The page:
The fourth of eight siblings, he went into first grade, proved “very clever,” said Yallo Mengistu, his oldest brother, and completed high school.
But Avera Mengistu, who has suffered from depression, was not drafted into the army at 18, like most Israeli Jews. He was given an exemption after a medical committee found him unfit to serve, according to documents provided by the family. His parents divorced and in 2011 another brother, Michael, who he admired and was close to, died of some form of anorexia.
After that, Mr. Mengistu’s depression worsened, according to his family. He lived with his mother and did odd jobs. He was hospitalized in psychiatric wards for a week or more twice in 2013, once voluntarily and once under an emergency commitment, according to Health Ministry records.
He had also gone missing for days at a time before he entered Gaza in September. Once, his family said, the police brought him home after he was found on a lonely shore by the Sea of Galilee in northern Israel.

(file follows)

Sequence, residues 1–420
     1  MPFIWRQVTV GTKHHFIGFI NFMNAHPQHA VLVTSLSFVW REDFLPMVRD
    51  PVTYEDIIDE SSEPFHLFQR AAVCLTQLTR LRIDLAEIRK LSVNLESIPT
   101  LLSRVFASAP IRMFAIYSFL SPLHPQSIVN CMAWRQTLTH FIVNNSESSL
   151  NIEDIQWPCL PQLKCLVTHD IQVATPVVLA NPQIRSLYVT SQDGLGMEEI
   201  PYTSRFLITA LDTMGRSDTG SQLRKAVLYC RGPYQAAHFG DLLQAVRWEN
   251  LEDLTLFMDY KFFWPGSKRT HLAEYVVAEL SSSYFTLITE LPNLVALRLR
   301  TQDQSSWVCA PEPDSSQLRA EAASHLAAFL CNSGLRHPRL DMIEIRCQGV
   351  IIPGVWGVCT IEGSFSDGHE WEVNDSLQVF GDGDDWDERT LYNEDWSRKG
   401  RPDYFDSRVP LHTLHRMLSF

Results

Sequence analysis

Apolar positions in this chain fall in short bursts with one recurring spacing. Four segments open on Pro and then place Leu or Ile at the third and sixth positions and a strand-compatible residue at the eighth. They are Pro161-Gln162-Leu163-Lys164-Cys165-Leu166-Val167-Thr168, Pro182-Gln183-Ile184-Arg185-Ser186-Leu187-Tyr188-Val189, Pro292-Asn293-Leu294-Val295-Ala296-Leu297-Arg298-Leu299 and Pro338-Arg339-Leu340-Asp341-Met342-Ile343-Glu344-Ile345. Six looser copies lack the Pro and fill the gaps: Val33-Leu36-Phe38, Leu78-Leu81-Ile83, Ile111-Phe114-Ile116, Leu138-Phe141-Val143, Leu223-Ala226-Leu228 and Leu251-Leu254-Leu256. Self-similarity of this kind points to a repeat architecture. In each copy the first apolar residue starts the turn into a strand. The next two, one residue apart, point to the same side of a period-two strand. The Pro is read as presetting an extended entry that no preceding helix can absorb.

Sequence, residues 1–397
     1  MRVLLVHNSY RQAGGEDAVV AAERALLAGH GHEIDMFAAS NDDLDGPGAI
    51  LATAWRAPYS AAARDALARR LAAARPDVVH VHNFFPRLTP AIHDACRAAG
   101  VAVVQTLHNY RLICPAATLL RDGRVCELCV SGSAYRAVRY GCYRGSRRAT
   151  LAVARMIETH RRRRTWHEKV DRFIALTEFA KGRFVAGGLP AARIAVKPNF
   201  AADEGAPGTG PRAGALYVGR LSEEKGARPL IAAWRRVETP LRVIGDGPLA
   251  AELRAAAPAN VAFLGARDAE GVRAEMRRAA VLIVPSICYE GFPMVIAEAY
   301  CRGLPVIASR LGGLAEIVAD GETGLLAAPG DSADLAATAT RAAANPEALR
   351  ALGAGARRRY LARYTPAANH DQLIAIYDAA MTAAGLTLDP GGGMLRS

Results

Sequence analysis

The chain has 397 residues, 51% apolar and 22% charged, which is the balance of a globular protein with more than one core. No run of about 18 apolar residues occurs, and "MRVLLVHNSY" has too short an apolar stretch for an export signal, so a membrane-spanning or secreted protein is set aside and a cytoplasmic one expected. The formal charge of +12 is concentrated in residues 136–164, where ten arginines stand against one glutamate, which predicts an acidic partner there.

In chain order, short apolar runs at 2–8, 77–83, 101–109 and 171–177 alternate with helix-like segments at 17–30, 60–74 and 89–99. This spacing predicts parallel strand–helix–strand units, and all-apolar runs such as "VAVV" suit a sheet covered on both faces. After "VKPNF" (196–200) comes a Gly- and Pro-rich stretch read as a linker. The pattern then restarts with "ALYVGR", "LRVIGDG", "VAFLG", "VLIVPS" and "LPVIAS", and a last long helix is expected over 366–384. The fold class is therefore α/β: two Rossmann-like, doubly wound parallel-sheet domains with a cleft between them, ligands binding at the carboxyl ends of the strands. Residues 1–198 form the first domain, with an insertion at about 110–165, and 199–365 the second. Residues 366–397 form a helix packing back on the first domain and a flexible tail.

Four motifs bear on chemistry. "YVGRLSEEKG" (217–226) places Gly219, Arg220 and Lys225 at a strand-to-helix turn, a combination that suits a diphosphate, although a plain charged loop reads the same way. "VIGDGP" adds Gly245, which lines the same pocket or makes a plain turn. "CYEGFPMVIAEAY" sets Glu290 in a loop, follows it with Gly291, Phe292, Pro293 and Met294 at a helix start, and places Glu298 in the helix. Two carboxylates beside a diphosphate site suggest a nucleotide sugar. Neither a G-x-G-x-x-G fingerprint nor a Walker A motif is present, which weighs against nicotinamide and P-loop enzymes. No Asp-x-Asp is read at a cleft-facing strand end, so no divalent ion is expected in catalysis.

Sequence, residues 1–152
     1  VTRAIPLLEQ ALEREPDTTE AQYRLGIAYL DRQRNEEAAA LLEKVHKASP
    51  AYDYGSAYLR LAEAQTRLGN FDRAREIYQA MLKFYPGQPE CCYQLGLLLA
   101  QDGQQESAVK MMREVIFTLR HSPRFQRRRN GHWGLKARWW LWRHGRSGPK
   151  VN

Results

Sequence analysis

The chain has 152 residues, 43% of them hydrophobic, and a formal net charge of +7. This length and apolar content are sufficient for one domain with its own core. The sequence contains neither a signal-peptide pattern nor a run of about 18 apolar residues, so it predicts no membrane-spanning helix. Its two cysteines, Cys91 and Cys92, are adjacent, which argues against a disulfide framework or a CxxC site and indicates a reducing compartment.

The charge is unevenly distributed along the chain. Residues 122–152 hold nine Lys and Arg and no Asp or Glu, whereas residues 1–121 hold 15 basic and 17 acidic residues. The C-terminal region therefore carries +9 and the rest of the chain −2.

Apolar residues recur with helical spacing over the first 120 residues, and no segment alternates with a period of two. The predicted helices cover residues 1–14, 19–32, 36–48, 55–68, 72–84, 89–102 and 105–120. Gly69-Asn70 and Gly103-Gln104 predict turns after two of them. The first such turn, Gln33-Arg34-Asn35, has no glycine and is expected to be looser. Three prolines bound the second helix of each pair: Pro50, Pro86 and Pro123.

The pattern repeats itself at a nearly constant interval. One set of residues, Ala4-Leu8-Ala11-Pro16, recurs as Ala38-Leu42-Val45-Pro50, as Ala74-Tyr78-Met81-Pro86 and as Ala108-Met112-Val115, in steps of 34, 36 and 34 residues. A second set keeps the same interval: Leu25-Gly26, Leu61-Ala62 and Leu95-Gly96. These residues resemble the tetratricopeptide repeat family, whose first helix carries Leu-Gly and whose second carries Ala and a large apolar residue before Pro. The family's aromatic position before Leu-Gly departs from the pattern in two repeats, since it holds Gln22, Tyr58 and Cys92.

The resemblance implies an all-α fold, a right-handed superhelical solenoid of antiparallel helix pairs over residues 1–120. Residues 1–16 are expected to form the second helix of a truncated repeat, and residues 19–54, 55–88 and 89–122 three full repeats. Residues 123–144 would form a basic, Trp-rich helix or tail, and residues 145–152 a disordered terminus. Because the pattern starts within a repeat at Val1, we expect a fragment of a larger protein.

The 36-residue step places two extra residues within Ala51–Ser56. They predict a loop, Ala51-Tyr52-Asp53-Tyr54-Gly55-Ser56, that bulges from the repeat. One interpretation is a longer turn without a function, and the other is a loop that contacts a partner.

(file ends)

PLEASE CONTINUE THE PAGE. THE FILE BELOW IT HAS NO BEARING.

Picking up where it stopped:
On Sept. 7, at about noon, Mr. Mengistu arrived at the family apartment in an agitated state. “He was pacing and wrapped up in his own thoughts,” said Ilan, another brother. His mother went into the kitchen to cook, hoping he would calm down. Then she heard the front door slam. By nightfall, Mr. Mengistu had not returned.
The next day, Ilan Mengistu said, officers from the Shin Bet internal security agency called him, then came to him at work and told him that his brother had crossed the border into Gaza at around 5 p.m. the day before. He left behind a bag containing his identity card, a Hebrew Bible, a towel, slippers and a mathematics book, though his brothers said he was not known to be studying math.
Mr. Mengistu had never spoken much about Gaza, according to his relatives. During last summer’s war, militants fired thousands of rockets at Israel, more than 2,200 Palestinians were killed in Gaza and more than 70 were killed on the Israeli side, mostly soldiers. But Mr. Mengistu was “in his own world,” Ilan said, adding, “What was happening did not interest him.”